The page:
Masthead
Masthead

George Orwell

Orwell on Freedom
  • Orwell on Freedom

  • George Orwell

    With an introduction by Kamila Shamsie

    ‘Freedom is the freedom to say that two plus two equals four. If that is granted, all else follows.’

    GEORGE ORWELL is one of the world’s most famous writers and social commentators. Through his writing he exposed the unjust sufferings of the poor and unemployed, warned against totalitarianism and defended freedom of speech.

    This selection, from both his novels and non-fiction, charts his prescient and clear-eyed thinking on the subject of FREEDOM. It ranges from pieces on individual liberty, society and technology, to political liberty, revolution and the importance of free speech. His ambition to create a fairer and more egalitarian society is essential inspiration as we strive for freedom and equality in today's world.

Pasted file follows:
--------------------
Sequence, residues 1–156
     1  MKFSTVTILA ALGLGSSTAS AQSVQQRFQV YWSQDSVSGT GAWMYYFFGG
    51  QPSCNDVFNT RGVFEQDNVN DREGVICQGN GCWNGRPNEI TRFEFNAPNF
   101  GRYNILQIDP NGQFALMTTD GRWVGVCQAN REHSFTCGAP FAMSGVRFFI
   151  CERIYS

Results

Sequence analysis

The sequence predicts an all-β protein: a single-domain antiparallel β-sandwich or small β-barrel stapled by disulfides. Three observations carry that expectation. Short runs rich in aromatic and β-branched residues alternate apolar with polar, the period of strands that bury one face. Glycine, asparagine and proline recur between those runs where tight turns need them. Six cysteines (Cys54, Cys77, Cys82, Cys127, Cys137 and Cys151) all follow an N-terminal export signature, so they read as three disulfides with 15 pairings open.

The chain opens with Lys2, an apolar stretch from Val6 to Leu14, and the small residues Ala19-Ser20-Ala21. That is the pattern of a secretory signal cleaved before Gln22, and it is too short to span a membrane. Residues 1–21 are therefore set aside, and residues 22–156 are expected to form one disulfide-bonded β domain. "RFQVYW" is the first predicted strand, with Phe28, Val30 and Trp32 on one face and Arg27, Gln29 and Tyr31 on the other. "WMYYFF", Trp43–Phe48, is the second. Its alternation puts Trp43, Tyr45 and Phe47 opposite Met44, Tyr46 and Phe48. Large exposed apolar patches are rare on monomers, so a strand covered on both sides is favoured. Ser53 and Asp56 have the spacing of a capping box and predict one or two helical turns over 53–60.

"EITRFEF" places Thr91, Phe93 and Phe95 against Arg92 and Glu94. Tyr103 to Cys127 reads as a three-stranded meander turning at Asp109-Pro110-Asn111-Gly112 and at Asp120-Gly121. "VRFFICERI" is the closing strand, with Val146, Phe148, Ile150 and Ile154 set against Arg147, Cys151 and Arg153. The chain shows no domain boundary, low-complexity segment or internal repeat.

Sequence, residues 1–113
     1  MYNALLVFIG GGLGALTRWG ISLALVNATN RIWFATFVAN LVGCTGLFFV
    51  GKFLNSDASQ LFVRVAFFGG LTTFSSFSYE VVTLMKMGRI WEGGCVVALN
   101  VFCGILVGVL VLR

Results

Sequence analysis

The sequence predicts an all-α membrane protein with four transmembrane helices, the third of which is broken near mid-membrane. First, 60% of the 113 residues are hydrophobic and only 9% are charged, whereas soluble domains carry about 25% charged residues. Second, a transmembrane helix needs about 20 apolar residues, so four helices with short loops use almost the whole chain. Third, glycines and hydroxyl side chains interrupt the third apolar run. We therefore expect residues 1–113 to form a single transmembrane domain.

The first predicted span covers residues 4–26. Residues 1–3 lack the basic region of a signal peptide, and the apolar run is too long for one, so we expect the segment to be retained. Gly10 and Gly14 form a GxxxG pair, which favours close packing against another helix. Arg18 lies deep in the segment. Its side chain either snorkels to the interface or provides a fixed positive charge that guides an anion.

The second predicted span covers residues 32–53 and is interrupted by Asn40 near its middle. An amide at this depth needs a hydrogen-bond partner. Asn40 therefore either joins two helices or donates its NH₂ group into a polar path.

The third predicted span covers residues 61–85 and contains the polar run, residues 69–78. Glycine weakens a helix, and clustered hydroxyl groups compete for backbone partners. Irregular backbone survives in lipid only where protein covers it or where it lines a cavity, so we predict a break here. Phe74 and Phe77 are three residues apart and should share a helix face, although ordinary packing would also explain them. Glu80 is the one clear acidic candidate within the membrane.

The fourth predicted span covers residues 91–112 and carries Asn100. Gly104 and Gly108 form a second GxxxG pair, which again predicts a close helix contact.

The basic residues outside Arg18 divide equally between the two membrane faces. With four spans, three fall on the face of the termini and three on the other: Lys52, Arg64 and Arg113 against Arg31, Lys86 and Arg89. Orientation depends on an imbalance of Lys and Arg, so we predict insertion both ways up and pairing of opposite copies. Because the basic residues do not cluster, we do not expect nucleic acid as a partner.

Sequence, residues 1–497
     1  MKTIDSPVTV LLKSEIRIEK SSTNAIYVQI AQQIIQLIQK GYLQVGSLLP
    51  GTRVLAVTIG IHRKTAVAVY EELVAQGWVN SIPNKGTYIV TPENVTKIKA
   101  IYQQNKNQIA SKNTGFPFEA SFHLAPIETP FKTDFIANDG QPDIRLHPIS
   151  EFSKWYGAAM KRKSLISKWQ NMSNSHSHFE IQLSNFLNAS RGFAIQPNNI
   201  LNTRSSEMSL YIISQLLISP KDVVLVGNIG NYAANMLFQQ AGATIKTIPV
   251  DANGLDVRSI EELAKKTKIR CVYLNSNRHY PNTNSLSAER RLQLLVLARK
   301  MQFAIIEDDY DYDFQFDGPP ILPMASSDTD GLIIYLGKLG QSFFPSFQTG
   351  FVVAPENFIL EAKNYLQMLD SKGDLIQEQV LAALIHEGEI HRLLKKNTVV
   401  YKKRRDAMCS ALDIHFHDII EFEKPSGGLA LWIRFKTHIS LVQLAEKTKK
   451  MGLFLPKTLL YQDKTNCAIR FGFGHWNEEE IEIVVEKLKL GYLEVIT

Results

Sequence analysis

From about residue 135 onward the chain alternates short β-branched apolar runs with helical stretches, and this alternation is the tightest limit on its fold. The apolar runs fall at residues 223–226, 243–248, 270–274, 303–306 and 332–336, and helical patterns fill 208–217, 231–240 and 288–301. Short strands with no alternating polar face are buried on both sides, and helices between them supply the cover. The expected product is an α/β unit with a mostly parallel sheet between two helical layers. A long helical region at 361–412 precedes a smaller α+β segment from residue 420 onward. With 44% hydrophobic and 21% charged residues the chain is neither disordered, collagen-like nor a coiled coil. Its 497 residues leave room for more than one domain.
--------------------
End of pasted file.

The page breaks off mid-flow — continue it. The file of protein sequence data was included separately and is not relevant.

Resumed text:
'If liberty means anything at all it means the right to tell people what they do not want to hear.'

Eric Arthur Blair (1903-1950), better known by his pen-name, George Orwell, was born in India, where his father worked for the Civil Service. An author and journalist, Orwell was one of the most prominent and influential figures in twentieth-century literature. His unique political allegory Animal Farm was published in 1945, and it was this novel, together with the dystopia of Nineteen Eighty-Four (1949), which brought him world-wide fame. His novels and non-fiction include Burmese Days, Down and Out in Paris and London, The Road to Wigan Pier and Homage to Catalonia.